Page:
Although an unpopular opinion of mine was that I found Billy Loomis, played by Skeet Ulrich, to be unconvincing in his innocence. While Ulrich did an amazing job in the final 30 to 45 minutes, I didn’t find myself caring much about Billy’s character for most of the movie. That might have been my fault knowing the twist ahead of time, though. Every time he spoke, I just knew it was so obviously him. 

Also, his motive for killing Sidney’s mother? Yes, cheating is bad, but he should blame his own father … for also cheating?! Anyway, God forbid women have hobbies. 

Scream 2 (1997) 

Unfortunately for the franchise, this is where the films slowly start to go downhill. I’ll be honest, none of the later films compare to the first movie. 

This is the film where they began to get meta and introduce the Stab movies, which are basically the movie inserts of the Scream movies. The Stab movies play a role in all the movies going forward, as they are based on an (in-universe) book, written by Gale Weathers, played by Courtney Cox, about Sidney’s experiences in the first movie. 

The major flaw of this movie is that it loses the charm of the original, especially with the death of Randy Meeks, played by Jamie Kennedy, who is the main character in this film and the first. The character of Randy, and the first film itself, is a love letter to the horror movie genre, while also critiquing the cliches of standard horror movies. This love is sort of lost in the following films.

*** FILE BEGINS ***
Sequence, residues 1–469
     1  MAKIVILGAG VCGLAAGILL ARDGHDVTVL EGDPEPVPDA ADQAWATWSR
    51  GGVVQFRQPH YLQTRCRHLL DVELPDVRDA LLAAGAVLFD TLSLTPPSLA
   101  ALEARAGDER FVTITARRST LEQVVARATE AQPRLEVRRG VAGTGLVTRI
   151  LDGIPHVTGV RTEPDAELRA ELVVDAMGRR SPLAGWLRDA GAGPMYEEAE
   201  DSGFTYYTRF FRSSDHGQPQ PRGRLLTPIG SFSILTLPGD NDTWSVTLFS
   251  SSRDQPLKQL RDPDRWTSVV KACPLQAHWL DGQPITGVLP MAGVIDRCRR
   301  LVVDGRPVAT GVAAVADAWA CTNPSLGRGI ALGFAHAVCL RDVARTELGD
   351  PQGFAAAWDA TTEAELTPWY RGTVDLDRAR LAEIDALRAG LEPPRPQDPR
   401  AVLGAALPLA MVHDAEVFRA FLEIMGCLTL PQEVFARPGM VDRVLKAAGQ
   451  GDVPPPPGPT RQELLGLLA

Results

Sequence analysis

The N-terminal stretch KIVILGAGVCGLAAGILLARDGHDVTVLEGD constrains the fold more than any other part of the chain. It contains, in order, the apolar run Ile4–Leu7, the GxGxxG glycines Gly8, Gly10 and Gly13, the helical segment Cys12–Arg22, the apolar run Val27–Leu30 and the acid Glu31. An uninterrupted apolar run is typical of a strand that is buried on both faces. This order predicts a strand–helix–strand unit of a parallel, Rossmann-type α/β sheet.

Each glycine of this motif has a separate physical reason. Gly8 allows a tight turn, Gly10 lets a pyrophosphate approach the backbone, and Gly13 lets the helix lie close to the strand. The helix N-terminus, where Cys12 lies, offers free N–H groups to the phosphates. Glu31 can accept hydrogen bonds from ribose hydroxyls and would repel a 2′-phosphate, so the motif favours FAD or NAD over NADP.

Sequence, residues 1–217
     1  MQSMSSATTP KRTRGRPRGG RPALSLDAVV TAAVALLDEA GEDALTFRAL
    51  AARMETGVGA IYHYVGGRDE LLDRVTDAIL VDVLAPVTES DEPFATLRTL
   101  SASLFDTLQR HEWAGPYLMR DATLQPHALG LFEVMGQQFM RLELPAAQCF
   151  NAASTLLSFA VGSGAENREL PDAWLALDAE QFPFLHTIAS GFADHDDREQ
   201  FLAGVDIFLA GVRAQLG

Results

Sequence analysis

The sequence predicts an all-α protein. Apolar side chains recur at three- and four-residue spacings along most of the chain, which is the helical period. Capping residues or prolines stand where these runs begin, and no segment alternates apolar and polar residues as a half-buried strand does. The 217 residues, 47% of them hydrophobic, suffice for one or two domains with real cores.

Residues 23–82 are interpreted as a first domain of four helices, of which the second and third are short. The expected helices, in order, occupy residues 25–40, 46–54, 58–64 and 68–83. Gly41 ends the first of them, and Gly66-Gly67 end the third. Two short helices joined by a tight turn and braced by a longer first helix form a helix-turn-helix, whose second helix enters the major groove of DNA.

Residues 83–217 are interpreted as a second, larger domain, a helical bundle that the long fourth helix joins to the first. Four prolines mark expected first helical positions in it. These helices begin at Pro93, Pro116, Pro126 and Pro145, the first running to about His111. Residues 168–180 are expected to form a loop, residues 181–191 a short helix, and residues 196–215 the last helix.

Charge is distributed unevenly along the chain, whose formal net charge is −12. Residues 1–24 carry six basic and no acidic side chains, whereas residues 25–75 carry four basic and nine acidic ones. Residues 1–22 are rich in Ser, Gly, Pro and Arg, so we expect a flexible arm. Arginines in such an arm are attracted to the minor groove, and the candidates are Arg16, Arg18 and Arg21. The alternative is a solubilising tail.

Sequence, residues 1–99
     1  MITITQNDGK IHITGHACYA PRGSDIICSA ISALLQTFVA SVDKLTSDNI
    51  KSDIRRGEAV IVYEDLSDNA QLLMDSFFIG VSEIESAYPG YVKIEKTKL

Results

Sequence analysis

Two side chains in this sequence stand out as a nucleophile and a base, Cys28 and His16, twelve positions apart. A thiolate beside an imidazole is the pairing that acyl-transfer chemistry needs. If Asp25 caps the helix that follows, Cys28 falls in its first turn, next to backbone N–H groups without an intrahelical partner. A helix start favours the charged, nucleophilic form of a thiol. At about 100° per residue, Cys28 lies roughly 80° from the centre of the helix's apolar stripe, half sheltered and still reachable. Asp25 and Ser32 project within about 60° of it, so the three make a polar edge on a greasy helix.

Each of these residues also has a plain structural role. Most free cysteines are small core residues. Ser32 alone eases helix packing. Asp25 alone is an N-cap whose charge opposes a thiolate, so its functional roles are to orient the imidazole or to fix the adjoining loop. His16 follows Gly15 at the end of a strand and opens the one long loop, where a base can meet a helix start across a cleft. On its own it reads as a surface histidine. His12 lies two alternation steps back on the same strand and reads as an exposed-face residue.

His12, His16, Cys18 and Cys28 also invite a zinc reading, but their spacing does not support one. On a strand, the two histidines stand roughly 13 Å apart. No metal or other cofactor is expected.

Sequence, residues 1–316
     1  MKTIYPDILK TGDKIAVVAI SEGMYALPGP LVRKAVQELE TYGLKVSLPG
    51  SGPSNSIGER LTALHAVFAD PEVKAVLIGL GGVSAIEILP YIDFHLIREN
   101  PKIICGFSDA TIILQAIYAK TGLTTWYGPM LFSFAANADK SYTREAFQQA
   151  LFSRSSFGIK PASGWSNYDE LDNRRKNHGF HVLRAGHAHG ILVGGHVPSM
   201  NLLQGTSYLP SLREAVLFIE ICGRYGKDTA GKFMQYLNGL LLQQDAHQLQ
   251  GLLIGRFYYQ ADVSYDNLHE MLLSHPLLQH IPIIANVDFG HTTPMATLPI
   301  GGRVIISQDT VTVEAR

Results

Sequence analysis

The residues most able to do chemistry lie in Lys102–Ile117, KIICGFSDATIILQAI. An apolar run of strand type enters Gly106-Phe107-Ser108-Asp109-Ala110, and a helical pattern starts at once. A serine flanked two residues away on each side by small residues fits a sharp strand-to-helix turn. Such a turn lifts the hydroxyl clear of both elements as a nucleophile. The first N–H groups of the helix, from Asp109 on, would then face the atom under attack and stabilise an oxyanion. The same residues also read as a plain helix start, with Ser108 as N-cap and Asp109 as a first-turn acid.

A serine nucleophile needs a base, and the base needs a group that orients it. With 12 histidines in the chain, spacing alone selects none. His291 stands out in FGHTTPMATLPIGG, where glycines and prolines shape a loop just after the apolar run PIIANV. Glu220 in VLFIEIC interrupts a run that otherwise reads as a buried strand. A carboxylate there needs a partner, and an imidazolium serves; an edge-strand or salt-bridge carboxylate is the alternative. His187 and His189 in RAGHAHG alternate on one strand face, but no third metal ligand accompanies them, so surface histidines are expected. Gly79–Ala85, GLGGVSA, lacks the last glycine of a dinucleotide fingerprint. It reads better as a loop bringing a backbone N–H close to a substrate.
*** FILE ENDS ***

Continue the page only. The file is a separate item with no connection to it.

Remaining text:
Although, one thing I do absolutely love is Sarah Michelle Geller’s minor role in the movie, especially her death scene. I’m just a sucker for anything with Sarah. 

Scream 3 (2000) 

Okay and now we skip this one and go to Scream 4. No? My editor says I have to review this one too. Fine. 

In my opinion, this movie is the worst in the entire franchise. I struggled to get through it, and the only light at the end of the tunnel that made me not stop this marathon entirely was Emma Roberts in the next movie. 

The killer in this movie is just … so bad. Sidney’s family gets retconned, and now Sidney has a half-brother that’s also the new Ghostface. But the thing is, Sidney and her half-brother don’t even meet each other until the reveal at the end of the movie.  

The entire plot is that they’re making Stab 3, so it takes place at the production studio, but at times the movie gets a little too meta. Like yes, we get it, we’re watching the production of the movie that we’re watching in the universe of the movie we’re watching. It’s a little excessive.